Brais Diazdice: 5 March, 2014 at 16:07
Everything Corning says about sapphire glass is true: It’s harder (scratch resistant) but also more fragile, less resistant to impact. In addition, its light transmission is worse than that of Gorilla Glass which, as you say, would either increase power consumption or reduce screen brightness.
What Apple, according to the patents it has with respect to sapphire glass, intends to do is to make very, very thin sapphire glass sheets, and together with glass sheets form a glass for use in displays, however, without yet being confirmed if in iPhone, iWatch or other product.
Two years ago, GT Advanced, the company with which Apple manufactures the sapphire glass, bought a company called Twin Creeks, which had a hydrogen ion accelerator, basically an ion cannon, with which it would be possible to obtain 0.2 mm thick sapphire glass sheets.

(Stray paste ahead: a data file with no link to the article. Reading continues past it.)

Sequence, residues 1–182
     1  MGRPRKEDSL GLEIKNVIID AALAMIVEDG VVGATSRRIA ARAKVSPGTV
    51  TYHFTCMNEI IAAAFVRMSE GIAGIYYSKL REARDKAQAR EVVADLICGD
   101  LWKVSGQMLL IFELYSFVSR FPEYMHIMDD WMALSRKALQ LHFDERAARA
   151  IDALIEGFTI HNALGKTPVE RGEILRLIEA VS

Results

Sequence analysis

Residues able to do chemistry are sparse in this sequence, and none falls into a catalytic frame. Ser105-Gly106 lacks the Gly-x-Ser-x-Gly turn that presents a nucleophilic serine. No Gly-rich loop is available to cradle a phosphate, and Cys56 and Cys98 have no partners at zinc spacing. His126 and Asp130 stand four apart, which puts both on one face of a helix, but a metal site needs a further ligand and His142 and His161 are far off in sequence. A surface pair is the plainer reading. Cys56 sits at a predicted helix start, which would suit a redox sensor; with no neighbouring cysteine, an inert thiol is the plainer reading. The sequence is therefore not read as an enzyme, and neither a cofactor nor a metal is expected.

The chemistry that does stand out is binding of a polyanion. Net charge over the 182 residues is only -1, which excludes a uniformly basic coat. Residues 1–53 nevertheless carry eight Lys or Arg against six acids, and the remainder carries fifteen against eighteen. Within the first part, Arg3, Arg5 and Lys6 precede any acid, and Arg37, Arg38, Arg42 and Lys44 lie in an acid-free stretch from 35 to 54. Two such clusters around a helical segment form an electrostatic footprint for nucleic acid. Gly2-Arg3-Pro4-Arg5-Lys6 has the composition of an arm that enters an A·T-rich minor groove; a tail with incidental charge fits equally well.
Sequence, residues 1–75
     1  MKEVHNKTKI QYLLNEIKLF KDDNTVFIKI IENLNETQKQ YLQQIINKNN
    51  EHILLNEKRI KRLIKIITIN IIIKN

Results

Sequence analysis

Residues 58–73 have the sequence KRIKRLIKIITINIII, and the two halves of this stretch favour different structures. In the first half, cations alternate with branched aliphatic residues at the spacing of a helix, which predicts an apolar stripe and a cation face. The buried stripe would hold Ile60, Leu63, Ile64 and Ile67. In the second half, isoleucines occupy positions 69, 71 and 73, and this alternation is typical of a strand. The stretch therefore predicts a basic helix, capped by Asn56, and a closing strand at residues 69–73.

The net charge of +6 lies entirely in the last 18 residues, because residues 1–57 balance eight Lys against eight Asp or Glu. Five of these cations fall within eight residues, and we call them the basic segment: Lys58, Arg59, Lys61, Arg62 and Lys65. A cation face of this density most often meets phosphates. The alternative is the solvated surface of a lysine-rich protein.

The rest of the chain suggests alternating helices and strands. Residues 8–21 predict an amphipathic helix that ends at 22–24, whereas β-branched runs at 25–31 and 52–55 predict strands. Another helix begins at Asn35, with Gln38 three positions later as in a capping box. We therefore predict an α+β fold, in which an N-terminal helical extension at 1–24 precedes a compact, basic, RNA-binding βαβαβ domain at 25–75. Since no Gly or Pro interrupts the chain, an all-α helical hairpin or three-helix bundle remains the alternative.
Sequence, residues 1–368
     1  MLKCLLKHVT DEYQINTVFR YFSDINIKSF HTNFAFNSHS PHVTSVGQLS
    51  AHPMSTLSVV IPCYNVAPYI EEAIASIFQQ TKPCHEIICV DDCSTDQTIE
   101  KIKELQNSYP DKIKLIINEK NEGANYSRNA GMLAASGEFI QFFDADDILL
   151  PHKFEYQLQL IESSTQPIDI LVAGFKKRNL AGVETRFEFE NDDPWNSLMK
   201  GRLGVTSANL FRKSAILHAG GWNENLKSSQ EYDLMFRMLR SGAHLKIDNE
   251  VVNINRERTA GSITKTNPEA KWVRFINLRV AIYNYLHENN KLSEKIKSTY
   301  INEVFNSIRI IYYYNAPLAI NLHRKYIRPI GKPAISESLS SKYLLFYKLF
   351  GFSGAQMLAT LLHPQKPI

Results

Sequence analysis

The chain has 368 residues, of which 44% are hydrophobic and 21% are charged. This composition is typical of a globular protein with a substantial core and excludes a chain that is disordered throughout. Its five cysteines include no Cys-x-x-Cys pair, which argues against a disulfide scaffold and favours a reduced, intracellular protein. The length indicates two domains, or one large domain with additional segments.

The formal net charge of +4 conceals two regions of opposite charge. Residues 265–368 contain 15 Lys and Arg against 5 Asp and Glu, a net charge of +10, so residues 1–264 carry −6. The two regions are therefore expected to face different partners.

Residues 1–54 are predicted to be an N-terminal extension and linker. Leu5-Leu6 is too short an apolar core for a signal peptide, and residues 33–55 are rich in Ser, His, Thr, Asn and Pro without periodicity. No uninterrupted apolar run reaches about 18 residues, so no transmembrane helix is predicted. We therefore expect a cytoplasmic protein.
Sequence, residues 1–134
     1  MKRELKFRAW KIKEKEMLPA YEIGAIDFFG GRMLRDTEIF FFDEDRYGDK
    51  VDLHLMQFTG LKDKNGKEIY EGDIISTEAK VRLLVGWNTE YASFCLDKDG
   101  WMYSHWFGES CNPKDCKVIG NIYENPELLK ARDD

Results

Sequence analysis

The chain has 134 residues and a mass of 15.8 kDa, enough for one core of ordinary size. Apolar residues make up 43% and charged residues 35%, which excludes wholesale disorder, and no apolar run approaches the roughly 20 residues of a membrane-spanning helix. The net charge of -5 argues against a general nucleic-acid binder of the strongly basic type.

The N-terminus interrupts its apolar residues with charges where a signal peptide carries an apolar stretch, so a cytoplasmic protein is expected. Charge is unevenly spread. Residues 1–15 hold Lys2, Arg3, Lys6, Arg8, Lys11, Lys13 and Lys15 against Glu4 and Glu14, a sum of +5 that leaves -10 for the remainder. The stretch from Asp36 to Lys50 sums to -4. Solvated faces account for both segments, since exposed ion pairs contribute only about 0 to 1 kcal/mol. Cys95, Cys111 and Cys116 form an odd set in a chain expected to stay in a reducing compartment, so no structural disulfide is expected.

In theory, by laminating this thin sheet of sapphire glass with other sheets of glass or polycarbonate, you would largely avoid problems such as worse light transmission, being thinner that problem would be less, weight issues and for example, in case of breakage, would prevent the sapphire glass from breaking into a thousand pieces as it would still be stuck to the other sheets. In spite of that, it would break.
You have to wait and see what it all comes down to, and draw conclusions if Apple finally launches an iPhone with a screen like this, once the corresponding comparisons and analyses are made.
As for what you say about the photovoltaic sensors, I’m afraid if we ever see that, it won’t be in the short term, but I don’t know.